Audio descriptions should not be over descriptive, but quite often they describe very little.
What is missing?
Even really good commercial audio descriptions share one feature with poor productions. All important information is provided at the start of the movie. It is the rule for full-length movies and for almost all series. It is only at the beginning that you can learn if the movie is live action, animation, stop motion or something else. Usually, this information is basic, and when the movie is live action, it is not given at all. Other information, such as the movie’s style and/or filming techniques, is usually not provided (at least in case of movies I’ve watched). Characters are described at their first appearance. In theory, it makes sense and is according to audio describing rules, but there are two problems:
- At the start of the movie, you get a lot of information on which you need to focus, and it is easy to miss details which later are either important or interesting;
- In the case of characters, you don’t know which characters are important – all characters are equal, which means you don’t know to whom you should pay attention.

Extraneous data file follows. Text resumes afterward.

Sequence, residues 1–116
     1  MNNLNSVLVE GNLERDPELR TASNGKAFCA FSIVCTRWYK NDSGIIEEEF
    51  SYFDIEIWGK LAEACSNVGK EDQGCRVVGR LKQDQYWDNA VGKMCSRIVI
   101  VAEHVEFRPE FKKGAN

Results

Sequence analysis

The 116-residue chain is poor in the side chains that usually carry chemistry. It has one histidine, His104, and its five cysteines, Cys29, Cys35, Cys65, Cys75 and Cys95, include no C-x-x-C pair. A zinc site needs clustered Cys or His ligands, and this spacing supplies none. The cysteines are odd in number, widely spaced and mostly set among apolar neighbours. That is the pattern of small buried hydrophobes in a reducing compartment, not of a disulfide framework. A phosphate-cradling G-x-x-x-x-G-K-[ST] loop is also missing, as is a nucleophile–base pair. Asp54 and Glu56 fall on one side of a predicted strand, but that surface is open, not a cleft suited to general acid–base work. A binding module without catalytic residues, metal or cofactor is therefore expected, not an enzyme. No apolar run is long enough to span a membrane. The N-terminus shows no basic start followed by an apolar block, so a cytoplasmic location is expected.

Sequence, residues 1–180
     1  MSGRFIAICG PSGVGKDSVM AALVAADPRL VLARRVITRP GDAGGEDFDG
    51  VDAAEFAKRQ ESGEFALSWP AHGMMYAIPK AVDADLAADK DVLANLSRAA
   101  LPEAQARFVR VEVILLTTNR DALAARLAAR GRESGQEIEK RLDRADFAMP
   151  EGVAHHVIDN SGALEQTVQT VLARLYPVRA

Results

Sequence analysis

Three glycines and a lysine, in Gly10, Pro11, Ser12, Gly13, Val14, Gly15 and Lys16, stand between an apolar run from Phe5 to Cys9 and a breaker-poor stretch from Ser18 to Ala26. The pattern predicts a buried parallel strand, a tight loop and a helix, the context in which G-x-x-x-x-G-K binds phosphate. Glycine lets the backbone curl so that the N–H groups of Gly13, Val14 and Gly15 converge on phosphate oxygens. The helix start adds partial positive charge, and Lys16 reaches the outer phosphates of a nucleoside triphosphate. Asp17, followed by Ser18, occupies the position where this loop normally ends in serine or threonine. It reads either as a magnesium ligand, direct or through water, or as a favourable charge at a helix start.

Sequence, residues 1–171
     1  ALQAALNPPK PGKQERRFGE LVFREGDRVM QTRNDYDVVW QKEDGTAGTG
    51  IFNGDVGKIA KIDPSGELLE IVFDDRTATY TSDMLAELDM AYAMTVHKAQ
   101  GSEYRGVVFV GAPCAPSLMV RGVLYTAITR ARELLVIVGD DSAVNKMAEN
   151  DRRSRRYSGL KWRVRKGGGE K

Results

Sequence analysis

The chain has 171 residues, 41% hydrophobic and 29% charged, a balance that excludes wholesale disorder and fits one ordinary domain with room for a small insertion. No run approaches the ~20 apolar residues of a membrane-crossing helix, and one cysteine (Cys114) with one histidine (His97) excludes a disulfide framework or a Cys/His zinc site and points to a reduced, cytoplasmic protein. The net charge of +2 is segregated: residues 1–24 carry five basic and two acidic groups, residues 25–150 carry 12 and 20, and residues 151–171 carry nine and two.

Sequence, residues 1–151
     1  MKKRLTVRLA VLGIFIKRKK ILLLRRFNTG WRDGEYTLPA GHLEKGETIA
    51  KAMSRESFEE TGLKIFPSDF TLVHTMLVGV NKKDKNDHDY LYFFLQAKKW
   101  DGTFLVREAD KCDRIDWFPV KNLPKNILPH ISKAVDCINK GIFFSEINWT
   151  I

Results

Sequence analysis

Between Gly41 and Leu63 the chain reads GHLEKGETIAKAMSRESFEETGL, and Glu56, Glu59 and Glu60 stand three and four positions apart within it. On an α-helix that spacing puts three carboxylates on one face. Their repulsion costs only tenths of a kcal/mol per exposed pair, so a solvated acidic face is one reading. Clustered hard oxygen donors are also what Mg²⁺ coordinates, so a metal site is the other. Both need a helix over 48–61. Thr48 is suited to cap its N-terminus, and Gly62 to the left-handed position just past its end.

In my case (perhaps other watchers are more attentive), the result is that I never know what main characters look like, not even their hair colour. After I realize that the person on screen is a main character, their description had been provided relatively long ago. Moving the movie backward, as I mentioned, is usually rather tedious. Aside from just characters, I once watched three episodes of a series to then learn (from my girlfriend, who looked at the screen of my phone) that I was watching an animation, which made me switch my imagination to a different mode.
Can it look different?